Yesterday, I held a WiZiQ session on the use of online tech in higher education:
Enthusing Higher Education: Getting Universities and Colleges to Play with Online Tools and Services
(Full multimedia recording available here)
During the session, Nellie Deutsch shared the following link:
Diffusion of Innovations, by Everett Rogers (1995)
Haven’t read Rogers’s book but it sounds like a contextually easy to understand version of ideas which have been quite clear in Boasian disciplines (cultural anthropology, folkloristics, cultural ecology…) for a while. But, in this sometimes obsessive quest for innovation, it might in fact be useful to go back to basic ideas about the social mechanisms which can be observed in the adoption of new tools and techniques. It’s in fact the thinking behind this relatively recent blogpost of mine:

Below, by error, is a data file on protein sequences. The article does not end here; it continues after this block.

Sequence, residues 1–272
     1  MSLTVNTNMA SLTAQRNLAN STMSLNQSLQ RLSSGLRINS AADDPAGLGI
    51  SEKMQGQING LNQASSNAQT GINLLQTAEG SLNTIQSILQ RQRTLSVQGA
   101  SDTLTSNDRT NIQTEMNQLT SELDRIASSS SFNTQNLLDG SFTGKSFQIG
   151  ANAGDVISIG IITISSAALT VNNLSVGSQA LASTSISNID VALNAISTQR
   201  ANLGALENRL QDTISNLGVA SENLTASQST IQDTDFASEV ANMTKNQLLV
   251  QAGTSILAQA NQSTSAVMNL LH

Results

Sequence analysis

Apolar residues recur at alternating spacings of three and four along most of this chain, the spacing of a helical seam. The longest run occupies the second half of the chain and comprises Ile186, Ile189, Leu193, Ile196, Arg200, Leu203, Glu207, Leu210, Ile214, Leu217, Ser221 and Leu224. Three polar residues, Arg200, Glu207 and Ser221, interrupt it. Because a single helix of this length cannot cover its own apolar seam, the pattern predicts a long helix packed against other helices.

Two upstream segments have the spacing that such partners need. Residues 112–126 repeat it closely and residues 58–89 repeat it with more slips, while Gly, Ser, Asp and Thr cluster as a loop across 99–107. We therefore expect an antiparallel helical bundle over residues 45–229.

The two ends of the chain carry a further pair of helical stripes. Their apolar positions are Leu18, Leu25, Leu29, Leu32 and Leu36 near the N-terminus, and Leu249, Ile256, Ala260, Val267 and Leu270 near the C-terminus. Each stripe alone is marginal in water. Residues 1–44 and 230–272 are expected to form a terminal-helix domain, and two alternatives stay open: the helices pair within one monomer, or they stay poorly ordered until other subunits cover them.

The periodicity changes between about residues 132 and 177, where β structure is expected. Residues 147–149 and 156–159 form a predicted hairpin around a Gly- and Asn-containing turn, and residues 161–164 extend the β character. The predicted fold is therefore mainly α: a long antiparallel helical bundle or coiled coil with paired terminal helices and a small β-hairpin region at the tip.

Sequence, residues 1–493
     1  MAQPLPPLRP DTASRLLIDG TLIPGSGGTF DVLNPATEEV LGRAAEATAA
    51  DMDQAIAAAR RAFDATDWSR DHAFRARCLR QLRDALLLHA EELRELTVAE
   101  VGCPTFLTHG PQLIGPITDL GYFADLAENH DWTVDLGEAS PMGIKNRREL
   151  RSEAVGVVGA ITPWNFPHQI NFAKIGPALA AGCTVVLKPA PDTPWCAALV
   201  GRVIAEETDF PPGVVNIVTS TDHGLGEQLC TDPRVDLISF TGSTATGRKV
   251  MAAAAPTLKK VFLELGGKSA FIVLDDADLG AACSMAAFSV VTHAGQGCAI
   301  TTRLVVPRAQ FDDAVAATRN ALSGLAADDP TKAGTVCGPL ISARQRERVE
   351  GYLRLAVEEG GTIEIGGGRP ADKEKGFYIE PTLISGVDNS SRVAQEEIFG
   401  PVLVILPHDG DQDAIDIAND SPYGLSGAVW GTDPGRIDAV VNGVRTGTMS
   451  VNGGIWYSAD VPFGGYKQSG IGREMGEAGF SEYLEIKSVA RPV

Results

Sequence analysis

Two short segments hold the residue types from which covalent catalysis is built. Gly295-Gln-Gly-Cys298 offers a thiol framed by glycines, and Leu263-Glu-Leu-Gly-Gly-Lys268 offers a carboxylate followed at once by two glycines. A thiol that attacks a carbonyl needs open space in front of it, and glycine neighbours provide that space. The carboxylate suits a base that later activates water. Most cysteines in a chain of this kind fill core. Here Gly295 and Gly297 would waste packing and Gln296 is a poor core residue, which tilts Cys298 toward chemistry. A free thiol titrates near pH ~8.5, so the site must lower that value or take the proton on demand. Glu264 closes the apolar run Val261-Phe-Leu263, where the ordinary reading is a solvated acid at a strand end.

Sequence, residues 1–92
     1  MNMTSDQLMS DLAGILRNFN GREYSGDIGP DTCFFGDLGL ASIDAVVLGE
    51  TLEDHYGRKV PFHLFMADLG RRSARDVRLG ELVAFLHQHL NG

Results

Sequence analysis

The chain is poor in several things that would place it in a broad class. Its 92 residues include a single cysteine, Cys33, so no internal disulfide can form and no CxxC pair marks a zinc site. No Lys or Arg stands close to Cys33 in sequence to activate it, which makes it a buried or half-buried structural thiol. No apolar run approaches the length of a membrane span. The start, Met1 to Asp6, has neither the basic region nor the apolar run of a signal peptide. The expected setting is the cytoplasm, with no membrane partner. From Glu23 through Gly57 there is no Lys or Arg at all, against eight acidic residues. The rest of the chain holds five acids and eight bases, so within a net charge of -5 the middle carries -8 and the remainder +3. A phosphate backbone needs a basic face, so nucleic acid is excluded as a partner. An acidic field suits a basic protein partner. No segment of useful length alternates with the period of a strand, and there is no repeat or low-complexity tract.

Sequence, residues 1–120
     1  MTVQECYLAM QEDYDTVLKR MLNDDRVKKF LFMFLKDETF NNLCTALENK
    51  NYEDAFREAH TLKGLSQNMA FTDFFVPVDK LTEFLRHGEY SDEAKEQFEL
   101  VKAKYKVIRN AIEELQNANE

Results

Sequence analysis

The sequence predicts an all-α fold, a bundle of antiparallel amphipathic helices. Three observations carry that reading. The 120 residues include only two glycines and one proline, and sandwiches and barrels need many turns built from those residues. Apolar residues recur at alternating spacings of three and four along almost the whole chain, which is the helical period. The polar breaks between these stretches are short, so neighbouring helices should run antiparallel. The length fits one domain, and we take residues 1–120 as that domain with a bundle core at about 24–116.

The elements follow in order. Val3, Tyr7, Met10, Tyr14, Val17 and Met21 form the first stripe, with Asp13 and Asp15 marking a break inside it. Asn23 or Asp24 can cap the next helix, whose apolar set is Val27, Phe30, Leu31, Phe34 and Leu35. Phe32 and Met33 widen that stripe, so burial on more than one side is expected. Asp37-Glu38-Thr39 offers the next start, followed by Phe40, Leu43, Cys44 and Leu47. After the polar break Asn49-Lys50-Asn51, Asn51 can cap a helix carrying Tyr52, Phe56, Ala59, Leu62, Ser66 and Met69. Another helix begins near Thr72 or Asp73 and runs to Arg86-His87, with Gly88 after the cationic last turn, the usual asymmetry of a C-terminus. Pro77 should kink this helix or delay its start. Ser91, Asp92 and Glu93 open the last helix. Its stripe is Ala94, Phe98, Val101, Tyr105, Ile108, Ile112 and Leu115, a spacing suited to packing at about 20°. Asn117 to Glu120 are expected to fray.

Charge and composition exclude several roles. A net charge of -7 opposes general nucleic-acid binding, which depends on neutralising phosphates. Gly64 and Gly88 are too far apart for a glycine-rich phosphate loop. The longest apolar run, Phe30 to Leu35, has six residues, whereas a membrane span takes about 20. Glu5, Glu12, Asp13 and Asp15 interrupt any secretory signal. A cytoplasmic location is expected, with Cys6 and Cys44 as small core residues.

Technology Adoption and Active Reading
My emphasis during the WiZiQ session was on enthusiasm. I tend to think a lot about occasions in which, thinking about possibilities afforded technology relates to people getting “psyched up.” In a way, this is exactly how I can define myself as a tech enthusiast: I get easy psyched up in the context of discussions about technology.
What’s funny is that I’m no gadget freak. I don’t care about the tool. I just love to dream up possibilities. And I sincerely think that I’m not alone. We might even guess that a similar dream-induced excitement animates true gadget freaks, who must have the latest tool. Early adopters are a big part of geek culture and, though still small, geek culture is still a niche.
Because I know I’ll keep on talking about these things on other occasions, I can “leave it at that,” for now.
RERO‘s my battle cry.